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    January 2, 2024

    Gamification: Is it Working for Your Employees?

    The idea of using gamification in the workplace is not new.  A standard definition of gamification is the process of adding elements of games to non-game activities, such as working or studying. In the workplace, gamification can encourage employee engagement, gratification, and retention. Gamification for employee engagement applies game mechanics to traditional work to increase motivation, engagement, and productivity in a fun way. The game mechanics often used in employee engagement gamification include points, levels, rewards, badges, leaderboards, and more. The question is when does gamification work and when doesn’t it work.

    When it comes to employee health and well-being, gamification for activities can be very effective in getting employees engaged. Though not everyone is competitive, it has been shown that leaderboards, if people are competing against those at similar levels, can be very effective. It can backfire if someone who is trying to get from 1,500 steps a day to 3,000 is competing against those who consistently get over 10,000 steps a day. Just gamifying something doesn’t guarantee employees will participate. It also doesn’t work if the activity, workshop, or action is something that is not meaningful to an employee in their current circumstances.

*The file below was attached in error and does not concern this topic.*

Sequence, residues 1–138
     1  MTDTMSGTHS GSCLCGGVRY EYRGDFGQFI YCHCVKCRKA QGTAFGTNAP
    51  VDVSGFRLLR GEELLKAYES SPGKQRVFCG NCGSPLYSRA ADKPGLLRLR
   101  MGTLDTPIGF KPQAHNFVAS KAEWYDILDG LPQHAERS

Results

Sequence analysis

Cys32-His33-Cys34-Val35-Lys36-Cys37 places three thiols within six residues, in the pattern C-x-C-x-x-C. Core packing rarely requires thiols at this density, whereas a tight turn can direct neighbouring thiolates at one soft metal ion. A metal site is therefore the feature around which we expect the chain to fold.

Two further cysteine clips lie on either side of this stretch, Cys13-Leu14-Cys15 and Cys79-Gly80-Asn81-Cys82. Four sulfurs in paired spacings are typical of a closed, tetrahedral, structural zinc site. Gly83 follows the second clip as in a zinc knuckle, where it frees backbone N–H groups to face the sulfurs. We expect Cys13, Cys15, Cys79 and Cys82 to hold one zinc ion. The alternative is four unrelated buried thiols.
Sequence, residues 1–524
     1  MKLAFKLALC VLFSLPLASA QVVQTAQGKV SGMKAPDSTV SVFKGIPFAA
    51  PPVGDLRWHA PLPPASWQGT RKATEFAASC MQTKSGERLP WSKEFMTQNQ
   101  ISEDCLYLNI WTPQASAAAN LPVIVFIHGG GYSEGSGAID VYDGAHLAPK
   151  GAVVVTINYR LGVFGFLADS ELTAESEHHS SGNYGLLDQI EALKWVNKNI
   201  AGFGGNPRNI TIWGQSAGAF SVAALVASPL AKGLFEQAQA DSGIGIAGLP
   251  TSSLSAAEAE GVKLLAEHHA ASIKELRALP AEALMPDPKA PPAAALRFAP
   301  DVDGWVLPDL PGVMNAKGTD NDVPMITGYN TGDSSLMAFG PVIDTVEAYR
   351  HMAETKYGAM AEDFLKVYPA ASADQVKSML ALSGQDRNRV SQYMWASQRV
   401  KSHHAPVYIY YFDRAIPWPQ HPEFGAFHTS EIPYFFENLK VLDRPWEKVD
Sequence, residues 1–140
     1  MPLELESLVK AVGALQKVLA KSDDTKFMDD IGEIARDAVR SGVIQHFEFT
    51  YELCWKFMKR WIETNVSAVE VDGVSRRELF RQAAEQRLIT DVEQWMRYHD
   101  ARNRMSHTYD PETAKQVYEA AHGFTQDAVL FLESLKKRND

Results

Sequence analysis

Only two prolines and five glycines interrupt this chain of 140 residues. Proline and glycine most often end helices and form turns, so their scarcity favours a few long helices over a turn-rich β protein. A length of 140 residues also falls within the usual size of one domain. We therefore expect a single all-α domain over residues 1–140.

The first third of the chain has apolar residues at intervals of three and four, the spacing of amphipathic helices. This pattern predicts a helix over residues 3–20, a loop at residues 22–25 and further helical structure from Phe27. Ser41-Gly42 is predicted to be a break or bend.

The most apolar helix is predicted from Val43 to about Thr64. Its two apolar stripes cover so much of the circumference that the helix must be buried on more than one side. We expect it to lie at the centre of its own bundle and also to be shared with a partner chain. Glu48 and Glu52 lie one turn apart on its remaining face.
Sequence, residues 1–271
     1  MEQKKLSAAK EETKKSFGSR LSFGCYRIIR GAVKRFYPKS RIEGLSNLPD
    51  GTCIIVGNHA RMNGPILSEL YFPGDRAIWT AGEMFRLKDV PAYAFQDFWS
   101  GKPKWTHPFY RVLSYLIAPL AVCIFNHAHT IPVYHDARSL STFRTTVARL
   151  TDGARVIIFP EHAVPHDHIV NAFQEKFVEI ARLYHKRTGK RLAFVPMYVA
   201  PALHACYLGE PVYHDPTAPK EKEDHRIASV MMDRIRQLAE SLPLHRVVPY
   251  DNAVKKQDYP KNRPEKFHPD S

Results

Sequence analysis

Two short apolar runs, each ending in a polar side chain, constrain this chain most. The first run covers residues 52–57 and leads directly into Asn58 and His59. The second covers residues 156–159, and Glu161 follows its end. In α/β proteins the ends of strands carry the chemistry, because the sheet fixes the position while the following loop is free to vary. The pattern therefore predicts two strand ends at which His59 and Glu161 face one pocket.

It’s important to consider alternatives that allow them to participate, and potentially get the same reward, but be engaged differently.

    As you look to use more gamification, there are best practices:

    • If your employees don’t know what they’re working toward or what they need to do to get there, your gamification attempts will not produce results. Make sure your communications are clear about the benefits and resonating with everyone in your workforce.
    • Use public recognition and rewards to give employees a greater incentive to meet personal and company goals. Make sure that you are highlighting employees from different departments, levels in the organization, and backgrounds. It may not always be about a big goal but could also be about an increase in how many people in a team or location are working towards their goals.

    An efficient feedback loop will help your program use gamification successfully. 

    • Immediate and frequent feedback via scorecards or benchmarks toward a goal will allow employees to adjust their performance accordingly.
    • Gamification works only if your employees care about what they’re doing and why. Engagement is not one-size-fits-all, so gamification can’t be either. Talk to your employees about what motivates them and what rewards they might want before you implement a gamified system. You’ll have more success.  

    Every organization wants its people to be productive, engaged, and resilient. Adding gamification in the right way can help make that happen. It can create better team building, an increased awareness of the company’s objectives, and, most importantly, an event or program that is memorable. It is important to remember that employees aren’t training or in a health and well-being initiative to just earn a gift certificate. Best-in-class business gamification focuses on intrinsic rewards and benefits. It helps employees along the journey to greater success in the long term.


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